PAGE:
If China proceeds with tariffs on imports of U.S. soybeans, the long-term impact on Singapore-listed Wilmar would be negative-to-neutral, RHB said in a note on Thursday.
“Currently, there is strong demand for soybean meal from the livestock industry, but there is no certainty on whether Wilmar would be able to pass on any additional cost to customers,” RHB said.
It noted that China buys 96.5 million tonnes of soybeans a year, accounting for 63 percent of world demand, with about 40 percent of its imports coming from the U.S. and the rest from South America. Wilmar is China’s second-largest oilseeds crusher and the proposed 25 percent soybean tariff would increase costs, it noted.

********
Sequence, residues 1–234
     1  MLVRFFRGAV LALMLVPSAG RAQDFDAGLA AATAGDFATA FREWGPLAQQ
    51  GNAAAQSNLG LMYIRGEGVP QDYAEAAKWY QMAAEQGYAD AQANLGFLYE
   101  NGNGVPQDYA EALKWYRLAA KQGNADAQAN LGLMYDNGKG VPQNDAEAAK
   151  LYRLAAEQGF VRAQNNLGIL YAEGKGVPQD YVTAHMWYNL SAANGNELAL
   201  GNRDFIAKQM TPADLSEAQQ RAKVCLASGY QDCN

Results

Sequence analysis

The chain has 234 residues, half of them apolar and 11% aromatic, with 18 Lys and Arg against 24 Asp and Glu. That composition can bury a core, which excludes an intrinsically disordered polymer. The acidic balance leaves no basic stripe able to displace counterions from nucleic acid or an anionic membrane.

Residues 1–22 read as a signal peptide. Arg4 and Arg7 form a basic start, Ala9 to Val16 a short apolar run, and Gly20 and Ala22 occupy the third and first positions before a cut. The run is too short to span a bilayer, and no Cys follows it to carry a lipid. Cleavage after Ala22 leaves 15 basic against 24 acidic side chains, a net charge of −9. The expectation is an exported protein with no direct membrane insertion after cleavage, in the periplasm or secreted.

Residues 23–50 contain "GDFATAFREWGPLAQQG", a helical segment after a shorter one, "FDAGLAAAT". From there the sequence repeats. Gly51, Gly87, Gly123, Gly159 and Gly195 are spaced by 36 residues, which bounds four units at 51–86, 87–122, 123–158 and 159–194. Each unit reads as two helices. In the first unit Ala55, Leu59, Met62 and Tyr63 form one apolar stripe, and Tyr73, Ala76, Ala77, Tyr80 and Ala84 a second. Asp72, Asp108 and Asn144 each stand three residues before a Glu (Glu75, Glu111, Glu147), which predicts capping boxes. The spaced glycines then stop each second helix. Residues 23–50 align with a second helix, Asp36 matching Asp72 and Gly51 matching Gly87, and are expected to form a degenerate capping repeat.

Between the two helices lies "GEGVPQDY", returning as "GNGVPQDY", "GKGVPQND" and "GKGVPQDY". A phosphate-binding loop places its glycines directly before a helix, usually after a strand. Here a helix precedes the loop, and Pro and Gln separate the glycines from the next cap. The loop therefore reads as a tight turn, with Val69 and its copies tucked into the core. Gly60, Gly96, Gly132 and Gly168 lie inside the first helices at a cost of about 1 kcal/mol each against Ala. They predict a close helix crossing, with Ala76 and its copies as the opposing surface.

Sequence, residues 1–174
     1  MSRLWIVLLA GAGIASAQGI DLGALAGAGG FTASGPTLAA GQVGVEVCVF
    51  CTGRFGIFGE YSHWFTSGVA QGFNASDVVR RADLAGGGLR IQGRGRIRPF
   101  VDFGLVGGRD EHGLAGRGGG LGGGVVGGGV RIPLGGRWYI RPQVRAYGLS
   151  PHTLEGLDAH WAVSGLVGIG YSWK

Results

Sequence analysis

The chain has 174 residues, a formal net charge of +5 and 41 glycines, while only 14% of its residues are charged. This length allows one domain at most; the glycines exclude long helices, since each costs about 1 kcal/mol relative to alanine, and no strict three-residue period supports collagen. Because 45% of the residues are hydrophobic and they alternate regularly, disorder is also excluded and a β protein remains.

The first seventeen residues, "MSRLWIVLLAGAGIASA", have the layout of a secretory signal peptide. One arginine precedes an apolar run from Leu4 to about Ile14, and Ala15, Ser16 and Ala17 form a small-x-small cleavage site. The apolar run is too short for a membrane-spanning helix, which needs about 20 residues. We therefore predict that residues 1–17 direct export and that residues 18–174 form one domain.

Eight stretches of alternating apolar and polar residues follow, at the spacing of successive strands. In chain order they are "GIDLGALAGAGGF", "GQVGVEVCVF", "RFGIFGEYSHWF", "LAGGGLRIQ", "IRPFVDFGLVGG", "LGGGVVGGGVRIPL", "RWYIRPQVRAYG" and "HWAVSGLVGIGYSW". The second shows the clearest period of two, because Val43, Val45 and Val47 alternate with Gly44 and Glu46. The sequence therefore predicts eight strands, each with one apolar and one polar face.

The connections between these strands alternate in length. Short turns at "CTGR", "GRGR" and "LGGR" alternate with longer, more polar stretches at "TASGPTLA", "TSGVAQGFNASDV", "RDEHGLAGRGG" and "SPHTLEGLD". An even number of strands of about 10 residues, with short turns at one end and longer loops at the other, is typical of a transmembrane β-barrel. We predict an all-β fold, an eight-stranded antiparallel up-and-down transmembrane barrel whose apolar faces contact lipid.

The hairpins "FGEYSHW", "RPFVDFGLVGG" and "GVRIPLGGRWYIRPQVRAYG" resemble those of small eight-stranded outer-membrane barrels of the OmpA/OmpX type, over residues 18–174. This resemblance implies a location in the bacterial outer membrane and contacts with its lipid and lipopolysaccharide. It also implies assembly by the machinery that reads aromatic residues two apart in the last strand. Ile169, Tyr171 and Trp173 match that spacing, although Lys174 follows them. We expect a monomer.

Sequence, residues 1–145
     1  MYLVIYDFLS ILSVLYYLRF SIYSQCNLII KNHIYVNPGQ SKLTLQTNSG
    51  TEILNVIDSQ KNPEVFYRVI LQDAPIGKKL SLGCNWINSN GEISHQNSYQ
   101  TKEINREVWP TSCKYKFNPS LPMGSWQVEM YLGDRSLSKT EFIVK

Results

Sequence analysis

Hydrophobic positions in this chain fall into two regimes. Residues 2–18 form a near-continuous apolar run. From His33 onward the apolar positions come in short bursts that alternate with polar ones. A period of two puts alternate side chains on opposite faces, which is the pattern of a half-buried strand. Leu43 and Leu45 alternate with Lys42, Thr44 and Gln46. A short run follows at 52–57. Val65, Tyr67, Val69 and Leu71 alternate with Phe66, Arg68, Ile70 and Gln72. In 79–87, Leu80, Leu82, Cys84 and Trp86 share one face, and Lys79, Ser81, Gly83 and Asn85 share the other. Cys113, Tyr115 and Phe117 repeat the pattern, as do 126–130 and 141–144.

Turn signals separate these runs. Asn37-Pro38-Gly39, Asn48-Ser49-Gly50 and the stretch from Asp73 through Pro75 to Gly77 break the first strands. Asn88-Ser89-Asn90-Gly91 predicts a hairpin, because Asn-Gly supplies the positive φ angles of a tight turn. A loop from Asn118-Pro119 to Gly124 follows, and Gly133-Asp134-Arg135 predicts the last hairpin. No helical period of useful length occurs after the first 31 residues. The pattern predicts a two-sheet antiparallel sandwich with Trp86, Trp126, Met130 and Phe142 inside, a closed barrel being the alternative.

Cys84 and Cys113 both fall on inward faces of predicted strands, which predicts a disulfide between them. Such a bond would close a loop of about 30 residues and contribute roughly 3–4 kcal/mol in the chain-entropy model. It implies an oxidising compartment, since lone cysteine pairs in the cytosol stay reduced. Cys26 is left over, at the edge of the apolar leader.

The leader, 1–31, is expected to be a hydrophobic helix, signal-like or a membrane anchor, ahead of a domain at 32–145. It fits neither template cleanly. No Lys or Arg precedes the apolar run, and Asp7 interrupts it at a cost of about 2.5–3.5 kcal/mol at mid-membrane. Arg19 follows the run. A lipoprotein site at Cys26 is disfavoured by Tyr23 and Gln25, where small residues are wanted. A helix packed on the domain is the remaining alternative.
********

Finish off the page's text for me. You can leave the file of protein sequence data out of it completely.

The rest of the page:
“We think it is almost impossible to entirely replace the imports from the U.S. with other crops,” it said. “Theoretically, China could seek alternative suppliers from Brazil and Argentina, or import more of other oilseeds. However, we believe this move would have a knock-on effect, raising South American soybean prices as well as the prices of other oilseeds.”
But RHB kept a Buy call on Wilmar with a S$3.45 target price.
It noted that the share price declines on the potential soybean tariff have made the stock “fairly attractive.” Additionally, the trade issues have also sent soybean prices sharply lower and Wilmar could benefit from the short-term decline, it said.